Allendale, Northumberland

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Coordinates: 54°53′46″N 2°15′25″W / 54.896°N 2.257°W / 54.896; -2.257

Allendale
Shield Street - geograph.org.uk - 1230205.jpg
Shield Street, Allendale Town
Allendale is located in Northumberland
Allendale
Allendale
 Allendale shown within Northumberland
Population 2,120 (2001)
OS grid reference NY8355
Civil parish Allendale
Unitary authority Northumberland
Ceremonial county Northumberland
Region North East
Country England
Sovereign state United Kingdom
Post town HEXHAM
Postcode district NE47
Dialling code 01434
Police Northumbria
Fire Northumberland
Ambulance North East
EU Parliament North East England
UK Parliament Hexham
List of places
UK
England
Northumberland

Allendale, often marked on maps as Allendale Town, is a village and civil parish in south west Northumberland, England. At the 2001 census, the parish had a population of 2,120.[1] Allendale is within the North Pennines Area of Outstanding Natural Beauty (AONB) - the second largest of the 40 AONBs in England and Wales. The local economy is predominantly based on agriculture (notably sheep farming) and tourism, although of late it has become a popular commuter town for Newcastle upon Tyne.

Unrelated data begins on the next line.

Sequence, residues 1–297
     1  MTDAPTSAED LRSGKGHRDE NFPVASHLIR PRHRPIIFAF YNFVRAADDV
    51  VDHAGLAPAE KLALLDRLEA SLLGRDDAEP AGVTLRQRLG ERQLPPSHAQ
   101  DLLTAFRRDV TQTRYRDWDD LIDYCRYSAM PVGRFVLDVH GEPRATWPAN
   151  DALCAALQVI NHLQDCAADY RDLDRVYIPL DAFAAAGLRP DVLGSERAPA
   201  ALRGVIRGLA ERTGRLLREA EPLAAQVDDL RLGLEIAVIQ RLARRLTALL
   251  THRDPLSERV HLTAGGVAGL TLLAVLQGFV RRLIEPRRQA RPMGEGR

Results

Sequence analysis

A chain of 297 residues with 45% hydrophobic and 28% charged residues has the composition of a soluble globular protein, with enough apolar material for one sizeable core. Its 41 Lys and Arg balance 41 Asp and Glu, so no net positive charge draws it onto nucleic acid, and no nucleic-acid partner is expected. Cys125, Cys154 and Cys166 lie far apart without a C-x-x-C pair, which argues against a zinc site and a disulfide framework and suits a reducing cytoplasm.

History[edit]

Allendale refers to the "dale" or valley of the River Allen. Evidence of prehistoric settlement has been found on the surrounding moorland. In the 16th century this area, close to the Scottish border, was a lawless and troubled place. Fortified farmhouses known as 'bastles' were constructed to protect residents and livestock against reiver raids. Allendale has one of the greatest concentrations of bastles in the country and around 40 can still be seen, many as scenic ruins.

Local mining for lead has occurred since Roman times, with the first smelting mill being constructed in the 1600s. The significant growth of Allendale Town and the surrounding villages was fuelled by that of the local lead-mining and smelting industries in the nineteenth century. The remains of two flues from the former smelting mill (between Allendale and Catton) run to chimneys up on the fells high above the village. The smelting mill is now home to the Allendale Brewery and the Allenmills Regeneration Project.

In 1869, the Hexham to Allendale railway was opened to provide improved transport, but its opening coincided with a rapid decline in the industry due to cheap imports of lead. The last mines in the area closed in 1894 (although an attempt was made to re-open the mine at Allenheads in the 1970s).

With the closure of the lead mines, the population rapidly declined and Allendale became a popular tourist destination for Edwardian Tynesiders seeking a country escape. The railway was finally closed to passengers in 1930 and to goods in 1950 (when the local terminus was bought by the stationmaster and opened as a caravan park.